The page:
Overduin, P.P., 2005, The physical dynamics of patterned ground in the northern foothills of the Brooks Range, Alaska: University of Alaska Fairbanks, Ph.D. dissertation, 164 p., illust.
Periglacial landforms, called patterned ground, change the vegetation, microtopography and organic content of the surface soil horizons. Because they are uniquely products of the periglacial environment, changes in that environment affect their distribution and activity. As surface features, they mitigate heat and mass transfer processes between the land and atmosphere. For environmental change detection, the state of the soil and active layer must be monitored across temporal and spatial scales that include these features. It is suggested here that changes in the state of the active layer due to the abrupt spatial changes in surface soil character lead to changes in the distribution of soil components, soil bulk thermal properties and the thermal and hydrological fluxes result. The determination of soil volumetric moisture content using the relative dielectric permittivity of the soil is extended to include live and dead low-density feathermoss. High temporal resolution monitoring of the thermal conductivity of mineral and organic soil horizons over multiple annual cycles is introduced, along with a new method for analyzing the results of transient heat pulse sensor measurements. These results are applied to studies of frost boils and soil stripes in the northern foothills of the Brooks Range in Alaska. Active layer ice dynamics determine the thermal properties of the frozen soil in the frost boil pedon. Annual heaving and subsiding of the ground surface reflects these changes in ice content and can be used to estimate active layer ice content as a function of depth. These estimates correlate with bulk soil thermal diffusivity, inferred as a function of depth from temperature data. Differences in soil thermal diffusivity determine thaw depth differences between frost boil and tundra, and between wet and dry soil stripes. For the latter, deeper subsurface flow through the high organic content wet stripes is delayed until mid-summer; when it does occur, it has a large component normal to the hillslope as a consequence of differential heave. Dynamics in these periglacial landforms can be identified from surface features, highlighting the potential for scaling up their net effect using remote sensing techniques.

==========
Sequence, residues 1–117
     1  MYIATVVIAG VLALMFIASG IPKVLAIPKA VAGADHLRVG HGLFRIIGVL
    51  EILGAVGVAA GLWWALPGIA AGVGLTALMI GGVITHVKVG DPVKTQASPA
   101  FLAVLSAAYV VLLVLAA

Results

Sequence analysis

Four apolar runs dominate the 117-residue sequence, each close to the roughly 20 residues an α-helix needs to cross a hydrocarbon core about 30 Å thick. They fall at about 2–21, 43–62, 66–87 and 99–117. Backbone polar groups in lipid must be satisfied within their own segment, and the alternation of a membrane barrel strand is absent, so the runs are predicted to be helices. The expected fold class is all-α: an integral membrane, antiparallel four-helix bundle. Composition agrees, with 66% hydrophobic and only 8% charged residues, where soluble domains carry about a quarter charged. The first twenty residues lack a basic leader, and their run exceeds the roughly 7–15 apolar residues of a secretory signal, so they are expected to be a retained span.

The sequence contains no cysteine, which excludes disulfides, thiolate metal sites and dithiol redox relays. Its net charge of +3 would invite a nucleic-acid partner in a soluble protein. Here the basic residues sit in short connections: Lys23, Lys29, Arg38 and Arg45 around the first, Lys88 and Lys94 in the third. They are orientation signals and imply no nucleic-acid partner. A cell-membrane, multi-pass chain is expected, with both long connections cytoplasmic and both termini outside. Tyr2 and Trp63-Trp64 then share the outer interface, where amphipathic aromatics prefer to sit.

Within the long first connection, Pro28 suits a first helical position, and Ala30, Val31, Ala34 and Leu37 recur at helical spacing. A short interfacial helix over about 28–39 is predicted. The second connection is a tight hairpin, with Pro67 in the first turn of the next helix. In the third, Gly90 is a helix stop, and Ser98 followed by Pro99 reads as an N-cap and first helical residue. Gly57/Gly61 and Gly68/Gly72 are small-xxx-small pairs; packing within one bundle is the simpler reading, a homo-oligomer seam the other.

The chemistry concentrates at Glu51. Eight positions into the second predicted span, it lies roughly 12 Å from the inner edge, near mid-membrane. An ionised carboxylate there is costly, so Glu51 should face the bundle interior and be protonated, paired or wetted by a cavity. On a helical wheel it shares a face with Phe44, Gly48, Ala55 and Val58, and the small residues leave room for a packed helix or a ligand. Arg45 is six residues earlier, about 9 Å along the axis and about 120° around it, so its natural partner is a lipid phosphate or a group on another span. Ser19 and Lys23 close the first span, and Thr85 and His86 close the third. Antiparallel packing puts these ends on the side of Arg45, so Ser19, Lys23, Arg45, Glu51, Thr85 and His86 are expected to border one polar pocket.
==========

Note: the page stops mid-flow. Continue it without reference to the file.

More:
Theses and Dissertations